King's singers in Doha

World-famous British a cappella group coming to Qatar

King's singers in Doha
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As I speak to Paul Phoenix, he’s standing on the roof of a car park over-looking King’s College, Cambridge. The famous British University town is the King’s Singers spiritual home; all of its founding members attended the school. Phoenix, however, didn’t – in fact, he didn’t attend Cambridge University at all. As a boy he was a chorister at St Paul’s Cathedral in London, before heading north to study at the Royal Northern College of Music in Manchester. He’s been in the ensemble for 14 years. Turnover is low – the group, which has six members at any one time, has only had 21 since it began in 1968.

Phoenix, who is the group’s Tenor, says when they’re on the look-out for a new recruit, they’re not concerned about where they studied – merely that they ‘fit’ the ensemble. ‘We want someone with relevant experience, and that doesn’t mean you’re necessarily going to hire an ex-choral scholar from Cambridge,’ he tells me. ‘You need to bear in mind that you’re looking for someone who you’re going to travel around the world with for seven months of the year - in many respects they’re going to spend their life with you. I see my colleagues more than I see my wife! Except of course I feel a bit differently about her – she’s rather lovely.’

The ensemble won a Grammy in 2009 for their album Simple Gifts and they’re in demand as performers, teachers and recording artists around the world. I ask Phoenix why he thinks they have such international appeal. ‘There’s something about the distribution of our voices, I think,’ says Phoenix. ‘There aren’t any other groups that have that spread. People also seem to love our humour. It’s not choreographed, it’s quite spontaneous. And also there’s that unique sound which really only comes from English choral music.’

Phoenix and his five colleagues are certainly clocking up the air miles. Straight after their visit to Qatar, they’ll be flying out to China for a tour. ‘China has a growing choral tradition,’ explains Phoenix. ‘There’s a huge groundswell of interest and support there. We find that companies who want to help their employees learn English are doing it through singing.’

Phoenix is married with two sons, William, 15, and Edward, 11. I ask him what impact his globetrotting job has on his family life. ‘It’s all or nothing,’ he says. ‘One minute I’ll disappear, and then I’m home 24/7. My wife says it’s like having three kids when I’m home! There’s no room for me to talk about the tour, no room for jet lag – I have to hit the ground running. I feel like I have a double life in a way. It presents challenges - you have to decompress after a tour. I use the drive home from the airport to become human again.’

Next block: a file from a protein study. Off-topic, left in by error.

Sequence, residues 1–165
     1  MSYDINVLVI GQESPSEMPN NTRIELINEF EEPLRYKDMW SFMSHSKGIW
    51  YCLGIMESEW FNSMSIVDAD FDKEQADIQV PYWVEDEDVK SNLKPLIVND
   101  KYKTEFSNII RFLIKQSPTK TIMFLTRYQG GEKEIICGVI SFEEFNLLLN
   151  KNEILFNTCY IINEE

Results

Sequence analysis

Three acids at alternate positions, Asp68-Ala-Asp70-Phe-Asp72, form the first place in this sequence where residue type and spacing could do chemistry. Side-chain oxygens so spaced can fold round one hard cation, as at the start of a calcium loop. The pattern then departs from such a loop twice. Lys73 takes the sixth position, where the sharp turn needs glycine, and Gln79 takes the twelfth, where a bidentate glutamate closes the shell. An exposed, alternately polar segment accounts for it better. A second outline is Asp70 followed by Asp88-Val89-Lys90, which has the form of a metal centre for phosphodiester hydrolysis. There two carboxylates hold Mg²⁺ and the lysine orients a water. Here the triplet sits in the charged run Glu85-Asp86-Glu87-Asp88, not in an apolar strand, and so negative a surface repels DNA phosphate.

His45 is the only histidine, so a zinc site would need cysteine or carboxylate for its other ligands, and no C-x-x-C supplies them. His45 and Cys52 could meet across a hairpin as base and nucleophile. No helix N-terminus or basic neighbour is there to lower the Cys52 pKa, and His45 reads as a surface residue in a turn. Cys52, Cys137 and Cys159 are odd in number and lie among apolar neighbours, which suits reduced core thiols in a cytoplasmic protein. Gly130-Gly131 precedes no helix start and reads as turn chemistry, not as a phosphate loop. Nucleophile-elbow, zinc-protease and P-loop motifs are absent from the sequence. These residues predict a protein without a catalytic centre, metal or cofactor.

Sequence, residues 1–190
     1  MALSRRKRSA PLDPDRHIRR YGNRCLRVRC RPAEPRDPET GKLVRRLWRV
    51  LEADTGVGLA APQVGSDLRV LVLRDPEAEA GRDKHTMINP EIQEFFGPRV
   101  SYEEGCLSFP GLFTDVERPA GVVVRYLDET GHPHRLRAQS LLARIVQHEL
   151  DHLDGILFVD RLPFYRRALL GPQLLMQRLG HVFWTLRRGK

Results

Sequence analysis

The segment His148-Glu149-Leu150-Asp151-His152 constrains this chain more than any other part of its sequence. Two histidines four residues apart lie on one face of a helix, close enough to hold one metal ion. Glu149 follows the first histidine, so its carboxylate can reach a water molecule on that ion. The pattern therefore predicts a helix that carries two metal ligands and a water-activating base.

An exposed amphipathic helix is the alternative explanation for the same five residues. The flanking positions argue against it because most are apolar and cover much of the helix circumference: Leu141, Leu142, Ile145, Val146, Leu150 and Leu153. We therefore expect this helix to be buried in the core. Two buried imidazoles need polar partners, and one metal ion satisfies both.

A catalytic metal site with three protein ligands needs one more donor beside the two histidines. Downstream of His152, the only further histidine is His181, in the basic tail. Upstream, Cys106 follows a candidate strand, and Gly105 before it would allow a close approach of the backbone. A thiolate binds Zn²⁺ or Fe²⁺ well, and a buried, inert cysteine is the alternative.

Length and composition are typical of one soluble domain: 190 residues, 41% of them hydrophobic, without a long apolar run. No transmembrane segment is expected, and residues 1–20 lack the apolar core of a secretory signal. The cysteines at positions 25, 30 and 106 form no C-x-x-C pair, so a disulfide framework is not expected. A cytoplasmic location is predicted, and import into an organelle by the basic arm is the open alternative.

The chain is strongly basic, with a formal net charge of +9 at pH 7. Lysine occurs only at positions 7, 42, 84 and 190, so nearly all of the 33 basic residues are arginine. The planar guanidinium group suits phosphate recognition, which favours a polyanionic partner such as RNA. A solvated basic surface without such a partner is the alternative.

As part of his effort to maintain a work-life balance, Phoenix has recently taken up marathon running. ‘I ran my first cross-country marathon this year,’ he tells me. ‘It was absolutely horrific, but I’m doing it again next year! I keep ticking off countries that I’ve run in. I’m at 34 countries so far. I’ll make Qatar the 35th!’

The King’s Singers will be performing for the launch of this year’s IBQ Chamber Music Series at the end of November. Phoenix says the programme will appeal to all tastes. ‘It’ll be an eclectic mix. We’ll be doing a little bit of everything, from the Renaissance right up to 21st century pop, and quite a lot in between.’

This concert will mark the group’s first visit to Qatar. “I’m really looking forward to it,’ says Phoenix. ‘Really, this visit is as a result of performing in Dubai earlier this year, which we really enjoyed. And it’s so important for the legacy of the group that we sing in new countries.’

Phoenix tells me that one of the group’s key aims is to spread the influence of choral music around the globe. ‘You know, after 43 years of the King’s Singers, we’re visiting Qatar for the first time, and I really don’t want it to be the last time,’ he says. ‘I want it to lead to other things. We have a lot of quality and culture to share. I want to try to forge a relationship with choral music in every country we visit, and Qatar is no exception.

The King’s Singers take the stage at the end of November. Tickets are QR150, QR75 for IBQ customers, QR50 for students. For more info as well as dates and location, see

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